A Houston company is negotiating to buy the 703-room Omni Inner Harbor Hotel for roughly $24 million, a move that could result in the second sale of the city's largest hotel in as many years.
If the sale to the Gencom Group reaches fruition, it would cap a year of frenzied activity provoked by improved occupancy and room rates at hotel properties in the area.
Analysts also attributed the renewed interest in local hotels to planned or nearly completed expansions of tourist attractions. These are expected to greatly enhance the city's $1 billion annual tourism industry.
"The fact that the expansion of the Convention Center is more than a dream, and close to becoming reality, will have a big impact on hospitality properties in Baltimore in general, and more on the Omni in particular," said Robert T. Koger, president of Molinaro Koger, a Virginia hotel broker.
"And because the Omni is the largest hotel in Baltimore, it caters to large groups and business travelers, and makes a sale now all the more reasonable."
In addition to the $150 million Convention Center expansion, more than $70 million is earmarked for the Power Plant, Christopher Columbus Center, Port Discovery Children's Museum and Harborplace.
Since the twin-towered Omni at 101 W. Fayette St. was sold by a Westinghouse Corp. affiliate in December 1993 to Patriot
American Investors Ltd. Partnership, which represented a consortium of investors led by Apollo Real Estate Investments, it too has undergone an estimated $7 million renovation.
New York-based Apollo bought the hotel for $17.5 million, less than half of what was paid for the property nine years earlier.
If the sale of the 28-year-old hotel occurs, it would mark the second local property disposition by Apollo, which this time last year sold the debt on the 26-story 250 W. Pratt St. office tower for $32 million.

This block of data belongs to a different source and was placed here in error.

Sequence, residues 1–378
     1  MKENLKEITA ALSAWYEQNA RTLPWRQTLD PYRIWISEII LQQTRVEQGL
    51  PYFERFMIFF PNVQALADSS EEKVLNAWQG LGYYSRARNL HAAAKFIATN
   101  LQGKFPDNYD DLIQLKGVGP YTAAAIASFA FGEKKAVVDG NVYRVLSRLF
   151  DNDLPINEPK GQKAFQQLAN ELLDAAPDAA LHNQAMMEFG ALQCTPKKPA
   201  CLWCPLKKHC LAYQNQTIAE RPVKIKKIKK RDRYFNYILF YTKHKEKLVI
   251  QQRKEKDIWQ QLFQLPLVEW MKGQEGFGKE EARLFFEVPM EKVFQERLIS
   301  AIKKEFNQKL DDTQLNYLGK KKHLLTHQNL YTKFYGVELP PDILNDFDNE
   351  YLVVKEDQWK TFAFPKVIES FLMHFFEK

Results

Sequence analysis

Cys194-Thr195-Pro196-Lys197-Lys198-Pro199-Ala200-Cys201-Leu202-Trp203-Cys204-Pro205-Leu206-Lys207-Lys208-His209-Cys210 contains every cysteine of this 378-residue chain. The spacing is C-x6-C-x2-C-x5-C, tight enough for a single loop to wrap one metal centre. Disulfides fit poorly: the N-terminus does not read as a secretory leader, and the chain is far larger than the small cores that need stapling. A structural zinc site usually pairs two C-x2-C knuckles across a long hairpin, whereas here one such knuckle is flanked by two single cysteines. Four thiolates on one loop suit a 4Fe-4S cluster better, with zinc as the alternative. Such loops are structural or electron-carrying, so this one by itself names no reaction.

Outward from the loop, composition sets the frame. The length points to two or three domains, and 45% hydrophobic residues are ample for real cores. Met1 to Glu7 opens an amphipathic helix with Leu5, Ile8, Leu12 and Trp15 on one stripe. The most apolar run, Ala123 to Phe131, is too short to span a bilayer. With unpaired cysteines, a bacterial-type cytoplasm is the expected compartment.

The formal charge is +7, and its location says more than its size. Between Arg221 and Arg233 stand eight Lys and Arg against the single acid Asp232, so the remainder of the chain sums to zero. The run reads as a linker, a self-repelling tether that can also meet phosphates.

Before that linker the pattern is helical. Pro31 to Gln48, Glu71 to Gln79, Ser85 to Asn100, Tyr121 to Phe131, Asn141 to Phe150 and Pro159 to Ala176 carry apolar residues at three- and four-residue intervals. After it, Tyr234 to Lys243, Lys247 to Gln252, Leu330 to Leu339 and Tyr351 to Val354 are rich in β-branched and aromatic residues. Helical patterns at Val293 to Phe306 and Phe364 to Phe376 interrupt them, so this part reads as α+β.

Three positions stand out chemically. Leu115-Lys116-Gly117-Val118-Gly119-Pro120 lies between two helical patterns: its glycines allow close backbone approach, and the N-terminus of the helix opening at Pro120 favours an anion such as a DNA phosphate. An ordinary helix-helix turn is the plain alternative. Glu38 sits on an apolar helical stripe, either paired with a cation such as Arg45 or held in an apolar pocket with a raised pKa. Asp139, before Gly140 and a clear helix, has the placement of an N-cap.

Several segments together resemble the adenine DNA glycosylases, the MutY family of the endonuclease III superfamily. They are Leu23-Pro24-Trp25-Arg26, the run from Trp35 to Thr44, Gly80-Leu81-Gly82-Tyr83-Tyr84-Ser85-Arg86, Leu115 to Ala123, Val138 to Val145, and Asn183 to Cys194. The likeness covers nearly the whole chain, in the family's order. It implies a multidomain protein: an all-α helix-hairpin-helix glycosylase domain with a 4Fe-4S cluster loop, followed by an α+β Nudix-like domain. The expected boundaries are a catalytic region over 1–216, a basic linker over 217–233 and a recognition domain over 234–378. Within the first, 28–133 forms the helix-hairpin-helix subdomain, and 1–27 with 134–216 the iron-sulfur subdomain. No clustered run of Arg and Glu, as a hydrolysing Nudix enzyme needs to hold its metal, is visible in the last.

Gencom owns 31 hotels
Gencom, a firm created in 1991 by Karim Alibhai, owns 31 hotels, primarily in Texas and Florida.
"We will have no comment until after the first of the year," a Gencom spokeswoman said.
Patriot American and Apollo also declined to comment.
Mr. Alibhai became aware of the 360,000-square-foot Omni because of a long relationship with Patriot American, sources said.
Gencom was one of the initial investors in Patriot American Hospitality Inc., a real estate investment trust that went public in October. In exchange for transferring several hotels to the real estate investment trust. Mr. Alibhai was awarded 6 percent of the REIT's common stock.
Moreover, Gencom American Hospitality, the company's hotel management arm, continues to operate most of the REIT's projects, according to documents filed with the Securities and Exchange Commission.
Gencom's 5,747 hotel rooms ranked it among the nation's 20 largest independent management firms in 1994 based on gross revenue, according to a survey by Hotel Business.
Omni's labor problems
If it assumes management of the Omni, Gencom American may have to contend with a labor dispute that last month caused employees to decertify their local union. A federal mediator is working to resolve the dispute. The Omni is the city's only major unionized hotel.
Most of Gencom's hotels were purchased at prices lower than replacement costs, allowing it to benefit greatly from industry improvements, sources familiar with the company said.
Hotel industry profits are expected to hit a record $7.9 billion this year, and climb to $11.7 billion by the end of 1997, according to data compiled by Coopers & Lybrand LLC.